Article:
Besarion Jughashvili

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Besarion Ivanes dze Jughashvili
ბესარიონ ივანეს ძე ჯუღაშვილი
Vissarion Jughashvili.jpg
Born Besarion Ivanes dze Jughashvili
ბესარიონ ივანეს ძე ჯუღაშვილი

c. 1850
Didi Lilo, Tiflis Governorate, Russian Empire
Died 25 August 1909 (aged 59)[1]
Tbilisi, Russian Empire
Occupation Shoemaker
Spouse(s) Ekaterine Geladze
Children Mikheil
Giorgi
Ioseb
Parent(s) Vano Jughashvili

Besarion Ivanes dze Jughashvili[2] (1849 or 1850 – 25 August 1909)[1] was the father of Joseph Stalin. He was commonly known as "Beso", he was a successful shoemaker by trade, but later in life he slid into alcoholism and became a vagrant. His wife and Stalin's mother was Ekaterine Geladze.

Ancestry[edit]

Besarion was born into an Orthodox Christian serf family from the village of Didi Lilo in Tiflis Governorate, most likely in 1850. Besarion had a brother named Giorgi who was murdered by bandits.[3]

Besarion was the paternal grandson of Zaza Jughashvili from the village of Geri, north of Gori; in the mid-19th century, Zaza took part in a peasant uprising in Ananuri, a small county seat near Ger on the Aragvi River. The uprising was crushed by Imperial soldiers, and Zaza was captured along with nine other rebels. Zaza escaped and hid in Gori, where he was recaptured and remanded as a serf to Prince Eristavi, he became involved in another uprising on the Eristavi estate. It is unknown who his wife was, or the exact number of children he sired.[4] Vano Jughashvili, Besarion's father, tended the vineyards of Georgian Prince Badur Machabeli in the village of Didi Lilo (დიდი ლილო).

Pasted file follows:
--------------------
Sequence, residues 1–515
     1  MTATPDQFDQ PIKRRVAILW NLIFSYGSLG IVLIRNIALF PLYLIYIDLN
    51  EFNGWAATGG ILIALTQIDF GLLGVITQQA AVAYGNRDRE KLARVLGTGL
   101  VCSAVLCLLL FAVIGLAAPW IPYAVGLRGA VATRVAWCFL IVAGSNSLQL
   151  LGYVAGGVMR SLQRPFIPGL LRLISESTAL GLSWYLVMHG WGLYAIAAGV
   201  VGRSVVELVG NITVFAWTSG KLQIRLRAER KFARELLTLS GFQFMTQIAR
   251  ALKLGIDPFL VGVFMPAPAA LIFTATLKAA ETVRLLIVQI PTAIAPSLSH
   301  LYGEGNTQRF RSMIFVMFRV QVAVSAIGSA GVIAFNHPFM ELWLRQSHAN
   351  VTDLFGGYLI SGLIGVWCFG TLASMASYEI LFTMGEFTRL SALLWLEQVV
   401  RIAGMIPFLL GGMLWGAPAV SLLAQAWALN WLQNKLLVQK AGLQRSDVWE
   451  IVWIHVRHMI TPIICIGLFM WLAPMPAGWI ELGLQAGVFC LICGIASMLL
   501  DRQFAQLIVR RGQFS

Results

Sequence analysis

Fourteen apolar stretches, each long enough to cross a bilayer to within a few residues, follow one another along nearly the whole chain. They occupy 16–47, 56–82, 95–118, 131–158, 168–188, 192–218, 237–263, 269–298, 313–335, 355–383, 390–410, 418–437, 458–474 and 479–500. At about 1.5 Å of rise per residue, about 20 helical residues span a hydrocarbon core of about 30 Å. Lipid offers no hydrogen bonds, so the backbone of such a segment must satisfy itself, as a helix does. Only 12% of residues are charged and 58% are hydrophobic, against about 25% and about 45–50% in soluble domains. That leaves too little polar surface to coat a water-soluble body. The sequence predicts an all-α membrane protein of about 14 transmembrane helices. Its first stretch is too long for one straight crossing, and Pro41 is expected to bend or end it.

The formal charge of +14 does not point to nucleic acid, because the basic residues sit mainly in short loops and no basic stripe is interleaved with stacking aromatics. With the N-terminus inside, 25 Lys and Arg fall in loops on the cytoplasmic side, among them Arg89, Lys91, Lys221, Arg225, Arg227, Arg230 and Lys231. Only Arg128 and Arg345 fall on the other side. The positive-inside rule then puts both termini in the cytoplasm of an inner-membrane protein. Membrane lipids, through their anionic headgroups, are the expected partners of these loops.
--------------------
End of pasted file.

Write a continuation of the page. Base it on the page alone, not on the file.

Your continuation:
Life in Gori[edit]

According to the Arsoshvili family (Jughashvili's relatives and longtime residents of Didi Lilo), Jughashvili (nicknamed "Beso") couldn't afford paying a three-ruble tax and had to move to Gori in search of employment.[3] There, he found a job working for a shoemaker named Osepa Baramov.[5]

Besarion married Ekaterine Geladze on 29 May 1872 in the evening at the Uspensky Church,[6] their first child, a boy named Mikheil, was born on 26 February 1875 but died two months later. Their second child, a boy named Giorgi, was born on 5 January 1877 and died of measles on 1 July 1877,[7] their third child, a boy named Ioseb, was born on 18 December 1878 and survived. Ioseb would later change his surname to Stalin and rule the Soviet Union.